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Weak Corporate Earnings Outlook Pinching Stocks Indexes

By Debbie Carlson Kitco News
Wednesday April 9, 2014 11:49 AM

(Kitco News) - The major stock market indexes are flat to slightly down for 2014 as the first-quarter corporate earnings season starts this week, and the outlook for earnings themselves is soft.

Analysts said a lot of blame for weak returns will be put on the unusually cold January and February weather in much of the country. According to FactSet, the latest consensus is that earnings for companies in the Standard & Poor’s 500 index will see a fall of 1.2%, which is a switch from FactSet’s forecast at the end of 2013 for first-quarter earnings to rise 4%, said Patrick O’Hare, chief market analyst at Briefing.com.

The bad weather, a stronger dollar, the slowing pace of emerging markets will all be taken under consideration for weaker earnings growth, O’Hare said.

Frank Lesh, broker and futures analyst with FuturePath Trading, said part of the recent weakness in equities is likely related to earnings season. “We’re near all-time highs, so it’s hard to stay long” going into earnings, he said.

S&Ps are closer to their highs than their lows, so to see some sort of correction isn’t unusual, he said.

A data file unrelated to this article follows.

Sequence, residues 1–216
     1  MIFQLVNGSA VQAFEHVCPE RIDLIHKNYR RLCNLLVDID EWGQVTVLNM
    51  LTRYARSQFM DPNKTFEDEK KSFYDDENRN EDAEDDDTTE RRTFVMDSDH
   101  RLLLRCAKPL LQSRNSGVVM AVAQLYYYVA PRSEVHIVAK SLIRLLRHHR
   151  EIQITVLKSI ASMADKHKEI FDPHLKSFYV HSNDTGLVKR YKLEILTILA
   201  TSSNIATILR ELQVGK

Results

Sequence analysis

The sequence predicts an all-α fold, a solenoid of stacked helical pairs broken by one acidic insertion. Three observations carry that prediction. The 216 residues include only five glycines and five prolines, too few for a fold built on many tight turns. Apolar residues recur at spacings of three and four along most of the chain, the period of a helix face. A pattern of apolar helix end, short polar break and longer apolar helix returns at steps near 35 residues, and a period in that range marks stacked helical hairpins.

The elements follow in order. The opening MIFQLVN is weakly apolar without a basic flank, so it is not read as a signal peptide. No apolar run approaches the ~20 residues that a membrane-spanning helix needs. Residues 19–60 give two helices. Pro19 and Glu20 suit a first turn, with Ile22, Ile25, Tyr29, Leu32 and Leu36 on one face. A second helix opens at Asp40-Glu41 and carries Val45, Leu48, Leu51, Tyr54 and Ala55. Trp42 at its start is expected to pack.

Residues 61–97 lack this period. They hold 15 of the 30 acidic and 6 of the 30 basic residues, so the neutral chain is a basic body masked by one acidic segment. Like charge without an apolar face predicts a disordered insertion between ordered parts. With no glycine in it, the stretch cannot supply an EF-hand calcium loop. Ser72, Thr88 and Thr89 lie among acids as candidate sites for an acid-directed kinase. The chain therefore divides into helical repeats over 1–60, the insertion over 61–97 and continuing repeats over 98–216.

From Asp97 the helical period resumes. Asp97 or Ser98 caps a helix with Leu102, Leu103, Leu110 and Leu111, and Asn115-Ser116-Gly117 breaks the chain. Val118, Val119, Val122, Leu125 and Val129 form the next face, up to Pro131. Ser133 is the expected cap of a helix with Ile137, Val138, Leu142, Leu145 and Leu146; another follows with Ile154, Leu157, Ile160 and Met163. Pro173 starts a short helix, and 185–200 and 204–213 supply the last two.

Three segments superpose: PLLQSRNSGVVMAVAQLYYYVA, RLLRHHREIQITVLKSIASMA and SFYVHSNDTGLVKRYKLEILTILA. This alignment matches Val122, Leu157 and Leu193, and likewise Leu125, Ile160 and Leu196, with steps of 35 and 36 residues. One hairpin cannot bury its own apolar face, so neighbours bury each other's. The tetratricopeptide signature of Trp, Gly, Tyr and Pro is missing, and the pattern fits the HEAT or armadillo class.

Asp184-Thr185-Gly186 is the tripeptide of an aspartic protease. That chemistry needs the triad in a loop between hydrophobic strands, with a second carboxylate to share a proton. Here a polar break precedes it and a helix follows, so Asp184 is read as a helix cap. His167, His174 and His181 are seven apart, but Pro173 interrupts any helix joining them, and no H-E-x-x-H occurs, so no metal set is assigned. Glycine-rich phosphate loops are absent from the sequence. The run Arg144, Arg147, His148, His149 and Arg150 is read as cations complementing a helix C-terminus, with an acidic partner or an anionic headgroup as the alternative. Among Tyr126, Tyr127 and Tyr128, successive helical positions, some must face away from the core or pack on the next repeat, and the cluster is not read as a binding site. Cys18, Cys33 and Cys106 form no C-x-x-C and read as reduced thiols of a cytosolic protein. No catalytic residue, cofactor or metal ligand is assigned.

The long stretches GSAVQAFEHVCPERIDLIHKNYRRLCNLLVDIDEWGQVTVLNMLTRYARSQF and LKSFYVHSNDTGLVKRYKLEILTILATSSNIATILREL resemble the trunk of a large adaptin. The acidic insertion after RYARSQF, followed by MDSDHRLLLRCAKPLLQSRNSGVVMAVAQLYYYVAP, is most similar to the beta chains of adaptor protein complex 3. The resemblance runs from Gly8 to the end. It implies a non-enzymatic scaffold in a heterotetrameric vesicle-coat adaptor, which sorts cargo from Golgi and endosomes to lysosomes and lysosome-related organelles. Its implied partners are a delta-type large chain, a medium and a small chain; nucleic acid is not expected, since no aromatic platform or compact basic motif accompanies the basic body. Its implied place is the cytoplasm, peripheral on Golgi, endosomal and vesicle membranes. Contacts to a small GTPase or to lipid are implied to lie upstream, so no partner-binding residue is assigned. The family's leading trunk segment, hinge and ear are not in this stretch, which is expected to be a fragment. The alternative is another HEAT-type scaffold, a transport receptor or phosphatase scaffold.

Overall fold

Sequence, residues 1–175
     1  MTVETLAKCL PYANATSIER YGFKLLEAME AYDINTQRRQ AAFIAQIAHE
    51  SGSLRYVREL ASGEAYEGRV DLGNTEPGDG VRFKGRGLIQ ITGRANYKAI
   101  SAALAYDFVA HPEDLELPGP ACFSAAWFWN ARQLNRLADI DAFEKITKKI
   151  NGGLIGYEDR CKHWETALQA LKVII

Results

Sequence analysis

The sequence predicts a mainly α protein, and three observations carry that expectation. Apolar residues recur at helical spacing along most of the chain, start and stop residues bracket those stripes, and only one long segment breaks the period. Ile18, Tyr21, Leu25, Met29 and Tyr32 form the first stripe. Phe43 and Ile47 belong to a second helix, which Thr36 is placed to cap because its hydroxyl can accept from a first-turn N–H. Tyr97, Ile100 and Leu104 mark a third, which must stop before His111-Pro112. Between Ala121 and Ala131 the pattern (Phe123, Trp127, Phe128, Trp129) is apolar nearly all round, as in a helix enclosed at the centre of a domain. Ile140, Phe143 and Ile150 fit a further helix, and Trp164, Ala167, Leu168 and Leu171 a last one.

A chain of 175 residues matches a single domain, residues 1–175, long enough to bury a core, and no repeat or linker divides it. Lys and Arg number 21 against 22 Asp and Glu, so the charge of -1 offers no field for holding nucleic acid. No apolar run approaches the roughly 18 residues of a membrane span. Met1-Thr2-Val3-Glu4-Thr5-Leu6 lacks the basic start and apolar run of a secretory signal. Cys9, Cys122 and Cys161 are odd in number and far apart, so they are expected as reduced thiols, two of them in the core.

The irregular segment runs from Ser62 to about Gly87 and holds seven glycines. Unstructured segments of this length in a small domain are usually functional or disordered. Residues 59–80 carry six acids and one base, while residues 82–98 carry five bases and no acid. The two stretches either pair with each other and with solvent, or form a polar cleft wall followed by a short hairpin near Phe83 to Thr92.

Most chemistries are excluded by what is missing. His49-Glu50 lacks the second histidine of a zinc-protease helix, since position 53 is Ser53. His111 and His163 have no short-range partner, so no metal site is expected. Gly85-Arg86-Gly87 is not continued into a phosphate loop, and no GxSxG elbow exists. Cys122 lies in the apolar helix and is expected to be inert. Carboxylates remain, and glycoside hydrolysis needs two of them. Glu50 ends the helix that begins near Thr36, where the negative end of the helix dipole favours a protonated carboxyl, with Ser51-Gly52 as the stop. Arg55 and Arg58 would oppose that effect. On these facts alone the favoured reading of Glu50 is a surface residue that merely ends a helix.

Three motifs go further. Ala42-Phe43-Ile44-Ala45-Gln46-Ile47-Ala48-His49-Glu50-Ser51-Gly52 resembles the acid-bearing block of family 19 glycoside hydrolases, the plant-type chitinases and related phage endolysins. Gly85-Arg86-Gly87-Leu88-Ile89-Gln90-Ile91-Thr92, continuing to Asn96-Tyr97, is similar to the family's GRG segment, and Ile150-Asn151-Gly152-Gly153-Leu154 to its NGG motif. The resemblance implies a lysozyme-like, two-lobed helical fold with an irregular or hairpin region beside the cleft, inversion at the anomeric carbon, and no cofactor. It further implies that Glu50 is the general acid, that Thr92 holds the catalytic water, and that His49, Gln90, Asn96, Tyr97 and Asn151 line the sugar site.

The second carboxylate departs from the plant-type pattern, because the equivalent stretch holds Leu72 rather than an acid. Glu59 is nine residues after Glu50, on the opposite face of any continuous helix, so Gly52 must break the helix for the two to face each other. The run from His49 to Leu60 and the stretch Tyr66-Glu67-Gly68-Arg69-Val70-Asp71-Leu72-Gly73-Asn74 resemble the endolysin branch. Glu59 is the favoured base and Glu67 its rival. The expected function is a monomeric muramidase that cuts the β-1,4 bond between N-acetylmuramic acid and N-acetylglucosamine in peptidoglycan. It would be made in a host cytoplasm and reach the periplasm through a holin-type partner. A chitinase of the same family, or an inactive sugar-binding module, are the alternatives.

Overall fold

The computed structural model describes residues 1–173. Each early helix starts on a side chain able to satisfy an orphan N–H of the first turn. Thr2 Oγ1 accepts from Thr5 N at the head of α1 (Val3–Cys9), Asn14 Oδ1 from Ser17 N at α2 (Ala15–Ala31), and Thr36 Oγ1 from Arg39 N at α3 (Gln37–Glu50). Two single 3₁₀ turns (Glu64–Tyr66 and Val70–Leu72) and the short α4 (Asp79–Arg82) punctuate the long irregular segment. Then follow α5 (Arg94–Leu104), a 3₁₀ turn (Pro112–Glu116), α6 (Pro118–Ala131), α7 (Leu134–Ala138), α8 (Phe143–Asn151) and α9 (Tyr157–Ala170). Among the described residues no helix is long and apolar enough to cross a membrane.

It’s hard to say how the market will react to news about the cold weather impacting corporate earnings, Lesh said, as some of that might be priced in already.

O’Hare said although the market may have retreated somewhat on concerns with earnings, he said he thinks it might be part of a pattern that’s occurred lately of the market retreating as it expects poorer earnings, companies suggesting earnings may not be so strong, then when earnings do come up, they’re treated as better than expected, giving the indexes a boost.

“We’ve seen this happen over and over,” O’Hare said.


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Sector Rotation Hitting Technology

Of the major indexes, the technology-heavy Nasdaq market is getting hit the hardest, analysts said, with momentum stocks, biotechnology, fuel cell and social media stocks showing the greatest losses.

John Person, president of NationalFutures.com, said the current weakness in equities as a whole is likely the result of sector rotation.

Regarding earnings, Person said results will likely be hit or miss. “This economy is still not firing on all cylinders. The true leaders of each sector or industry (will do well). For example, in the department store sector, your Nordstorm’s, your Macy’s will probably outperform,” he said.

As is the case with corporate earnings, the outlook for the second quarter will be even more important than actual earnings. That’s particularly true as many market watchers and participants seem to have a sunnier outlook for the rest of the year. O’Hare said FactSet’s forecast for third- and fourth-quarter corporate earnings growth is close to 11%.